Time Takes Its Time
The rich and someTimes whimsical hisTory of longines is well preserved in iTs fascinaTing museum. Joezer mandagi reporTs from sainT-imier, swiTzerland
This year, Swiss watch brand Longines celebrates its 185th anniversary. In other words, it has 185 years’ worth of history that has culminates in the brand’s current position as the fourth biggest watch brand in the world that is slowly but surely edging into the number three slot. And all of that history is immaculately preserved, curated and presented in the Longines Museum in Saint-Imier.
What’s in a name?
Now, Saint-Imier is a small town that almost perfectly fits the stereotypical image of a Swiss town set on the slopes of a deep valley. Animal husbandry is still a large part of the local economy, so dairy farms and cows are just about everywhere. And then, in the middle of this quaint picture, you have a modern factory complex (which traces its roots all the way back to 1867). More importantly, this place was once called “long fields,” or, in the local French, “
The Longines Museum is part of the complex and, just like in any other respectable museum, is designed to afford visitors an immersive experience with a carefully laid-out route covering the brand’s journey through the ages. I must admit, that the journey to the museum itself was quite the experience, as winding roads through the mountains suddenly gave way to the lush valley and its open (and long) fields.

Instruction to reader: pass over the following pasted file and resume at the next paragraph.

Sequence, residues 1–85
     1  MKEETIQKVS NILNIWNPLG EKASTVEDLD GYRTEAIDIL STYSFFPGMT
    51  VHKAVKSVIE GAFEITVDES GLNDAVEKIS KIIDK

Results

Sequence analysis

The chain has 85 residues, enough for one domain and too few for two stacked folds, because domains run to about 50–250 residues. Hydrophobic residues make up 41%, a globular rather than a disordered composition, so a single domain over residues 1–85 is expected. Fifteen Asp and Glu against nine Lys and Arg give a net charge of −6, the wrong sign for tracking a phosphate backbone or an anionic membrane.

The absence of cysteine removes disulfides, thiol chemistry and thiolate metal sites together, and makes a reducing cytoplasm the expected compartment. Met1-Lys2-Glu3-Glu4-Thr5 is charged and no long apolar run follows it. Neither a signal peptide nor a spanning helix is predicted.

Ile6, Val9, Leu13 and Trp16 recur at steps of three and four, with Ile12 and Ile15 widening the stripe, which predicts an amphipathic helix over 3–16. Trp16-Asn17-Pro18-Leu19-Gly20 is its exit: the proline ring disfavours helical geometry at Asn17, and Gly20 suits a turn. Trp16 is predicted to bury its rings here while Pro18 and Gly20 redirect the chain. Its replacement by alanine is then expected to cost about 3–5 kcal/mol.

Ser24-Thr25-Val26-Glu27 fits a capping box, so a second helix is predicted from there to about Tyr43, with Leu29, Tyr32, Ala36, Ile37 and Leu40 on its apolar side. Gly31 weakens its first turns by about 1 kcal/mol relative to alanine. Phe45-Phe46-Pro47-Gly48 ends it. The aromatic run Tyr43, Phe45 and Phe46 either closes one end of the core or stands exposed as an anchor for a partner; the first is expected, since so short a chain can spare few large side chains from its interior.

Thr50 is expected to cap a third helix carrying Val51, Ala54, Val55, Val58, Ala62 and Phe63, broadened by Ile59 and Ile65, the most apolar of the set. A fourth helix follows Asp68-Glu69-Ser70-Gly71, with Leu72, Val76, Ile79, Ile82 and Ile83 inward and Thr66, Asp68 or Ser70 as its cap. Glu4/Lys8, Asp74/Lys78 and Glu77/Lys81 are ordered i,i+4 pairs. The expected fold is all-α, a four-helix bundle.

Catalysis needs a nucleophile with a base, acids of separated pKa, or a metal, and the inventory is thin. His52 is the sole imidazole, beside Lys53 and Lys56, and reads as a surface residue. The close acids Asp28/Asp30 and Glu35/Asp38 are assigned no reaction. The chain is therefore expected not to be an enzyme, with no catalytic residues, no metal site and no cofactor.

An even more eye-opening experience was the first room that I was shown to, just past entrance. It was a small room lined with hundreds of leather- bound registers. These contain entries for every single watch made by the brand up to 1969, when modern bookkeeping took over. “It’s called, in French,
says Walter von Känel, CEO of Longines, in an interview several days after my visit to the museum. “There they wrote the date, the number, the calibre, the reference number, the watchmaker who signed it and the first customer.”
“I was lucky that my predecessor didn’t throw this away,” von Känel added later. “They respected the heritage, and so do we.”
adventure and elegance
All in all, the museum was divided into six different sections. The first two, named Agassiz and Francillon, tell the story of the brand’s origin and its two most influential figures: Auguste Agassiz (founder of the brand) and Ernest Francillon (Agassiz’ nephew who established the brand’s factory and therefore its stature as a manufacturing powerhouse). The other four segments are called Tradition Horlogère, Aventure, Sport, Publicité and Élégance.
A particularly intriguing display in the Tradition Horlogère section is an enormous wall-mounted display containing the various calibres produced by Longines until this day. The display features a moveable magnifier that allows visitors to observe the details and minutiae of every single movement.
Moving on, the museum showcased Longines’ role in the age of naval exploration and aviation. The extent of the brand’s expertise in navigation equipment was